Mark Rappaport's creative bio-pic about actress Jean Seberg is presented in a first-person, autobiographical format (with Seberg played by Mary Beth Hurt). He seamlessly interweaves cinema,... See full summary »
A film scrapbook, images, phrases from our past, hiding their meanings behind veils. Let's lift those veils, one by one, to find how images, at one time seeming innocent, have revealed, after decades, to have homosexual overtones.
In this film made over ten years, filmmaker Barbara Sonneborn goes on a pilgrimage to the Vietnamese countryside where her husband was killed. She and translator (and fellow war widow) Xuan... See full summary »
An irreverent take on Mozart's relations with the three Weber sisters: Louisa, whom he loved, but who didn't love him; Constanza, whom he loved and married; and Sophie, who loved him but ... See full summary »
Mark Rappaport's creative bio-pic about actress Jean Seberg is presented in a first-person, autobiographical format (with Seberg played by Mary Beth Hurt). He seamlessly interweaves cinema, politics, American society and culture, and film theory to inform, entertain, and move the viewer. Seberg's many marriages, as well as her film roles, are discussed extensively. Her involvement with the Black Panther Movement and subsequent investigation by the FBI is covered. Notably, details of French New Wave cinema, Russian Expressionist (silent) films, and the careers of Jane Fonda, Vanessa Redgrave, and Clint Eastwood are also intensively examined. Much of the film is based on conjecture, but Rappaport encourages viewers to re-examine their ideas about women in film with this thought-provoking picture. Written by
Tad Dibbern <DIBBERN_D@a1.mscf.upenn.edu>
When Mary Beth Hurt auditioned for the role of Jean Seberg, she shocked the filmmakers by revealing that not only was she born in the same town as Seberg (Marshalltown, Iowa), their families were neighbors who knew each other. See more »
The negatives comments this film has received make me think that the commentators haven't taken a college literature course before (or at least not in a while). I don't mean this in a mean way; it's simply that one sitting in a classroom while twenty people write twenty papers about one work of literature with twenty different takes on it can be a sobering & educational experience. Short of the author writing another book after his or her first book & explaining the previous work, there's really no way to state with certainty what the point of it all was. (& even then, some people would distrust the author's explanation.) The same goes for music, art, poetry, & of course film.
What Rappaport has done here is written a paper, using the approved standard of evidence most college-level courses require, theorizing about the life & work of actress Jean Seberg. That he sometimes casually throws out theories as fact is standard for such essays, papers, what-not. It may seem a little crass to think of someone's life as being open to interpretation, but surely one can understand that there is always something social or political about presenting the story of one's life in, say, cable TV's "Biography" method, which tends to leave out or just touch on the gruesome sexual encounters or the public humiliations, or VH1's "Behind the Music" style, which focuses on nothing but.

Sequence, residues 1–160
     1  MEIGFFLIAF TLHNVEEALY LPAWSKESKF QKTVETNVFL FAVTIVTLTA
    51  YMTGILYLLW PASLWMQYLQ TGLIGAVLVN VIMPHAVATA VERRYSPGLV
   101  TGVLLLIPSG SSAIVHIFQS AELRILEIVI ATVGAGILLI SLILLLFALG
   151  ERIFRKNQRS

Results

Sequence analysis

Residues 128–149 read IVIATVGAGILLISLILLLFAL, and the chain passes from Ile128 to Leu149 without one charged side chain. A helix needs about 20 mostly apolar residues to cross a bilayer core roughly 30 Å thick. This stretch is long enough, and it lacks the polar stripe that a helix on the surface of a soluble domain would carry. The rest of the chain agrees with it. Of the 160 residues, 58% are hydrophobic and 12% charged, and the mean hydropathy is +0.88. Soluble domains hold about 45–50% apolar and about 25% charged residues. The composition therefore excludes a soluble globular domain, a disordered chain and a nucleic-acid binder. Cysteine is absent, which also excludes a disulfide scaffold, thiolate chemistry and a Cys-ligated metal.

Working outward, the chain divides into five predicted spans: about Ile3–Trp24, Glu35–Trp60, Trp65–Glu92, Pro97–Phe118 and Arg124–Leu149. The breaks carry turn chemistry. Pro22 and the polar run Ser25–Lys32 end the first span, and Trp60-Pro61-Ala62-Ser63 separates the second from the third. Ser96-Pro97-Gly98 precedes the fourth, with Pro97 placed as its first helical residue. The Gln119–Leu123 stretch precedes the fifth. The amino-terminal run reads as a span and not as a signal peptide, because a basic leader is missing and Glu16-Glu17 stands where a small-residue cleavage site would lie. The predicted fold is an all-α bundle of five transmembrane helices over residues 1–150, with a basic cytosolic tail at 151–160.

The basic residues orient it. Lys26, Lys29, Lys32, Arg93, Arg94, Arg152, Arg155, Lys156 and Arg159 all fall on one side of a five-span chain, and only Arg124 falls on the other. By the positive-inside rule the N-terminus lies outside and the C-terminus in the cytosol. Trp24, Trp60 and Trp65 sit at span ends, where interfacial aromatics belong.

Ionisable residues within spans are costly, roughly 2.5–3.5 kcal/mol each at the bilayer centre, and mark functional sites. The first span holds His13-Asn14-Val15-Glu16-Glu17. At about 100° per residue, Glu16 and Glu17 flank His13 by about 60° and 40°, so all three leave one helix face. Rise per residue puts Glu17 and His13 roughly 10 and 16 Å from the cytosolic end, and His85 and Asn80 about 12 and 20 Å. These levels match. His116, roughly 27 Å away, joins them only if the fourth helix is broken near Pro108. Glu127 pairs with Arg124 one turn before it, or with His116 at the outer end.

Rappaport does something different than both of those. Seberg's life is explained through the films she's in, which, he suggests, is inextricably linked to the men she loved, which is inextricably linked to the times she was living in, the political role she chose to play, & the other actresses whose careers ran parallel to hers. Is it all factual? More or less - facts are lined up to support the thesis, which is basically a feminist commentary on the role of women in film, backed up with some fascinating (if maybe not entirely tenable) connections with things as different as Russian formalist silent cinema & Spaghetti Westerns. & lots of interpretation - Rappaport has written words for Mary Beth Hurt, as Jean Seberg, to comment on her looks, her acting style, the roles she played. To believe that he had access to some real "journals" of Seberg is somewhere between silly & gullible.
See, it's not even pretending to be objective truth. If it were, why would it be narrated by an actress playing Jean Seberg, who's nearly twenty years dead by the making of the movie? It's a thesis, an idea, something thrown out for you to chew on & think about. You are of course free to disagree with the filmmaker, & it's eminently healthy to question or criticize such undertakings, as one should criticize a Ken Burns or an Errol Morris. Negative reactions to films such as this one make me feel a little sad, because I think the point has been missed. This is an especially engaging film, about a good-but-not-necessarily-great actress whose famous roles have captured the minds of those film buffs geared to become part of this or that cult following. That her life was tragic is a matter of record. Short of asking her, which will require a trip to the other side, Rappaport has put words in her mouth to tell you what he thinks about her life & work. Though not making movies ourselves, we do much the same thing when we talk about films, books, records, works of art to our friends, co-workers, family, teachers, students.
I'm not a professor, but if I were, & if this movie were a paper, I'd give it an A. It's a damn good read, & well documented. So to speak.
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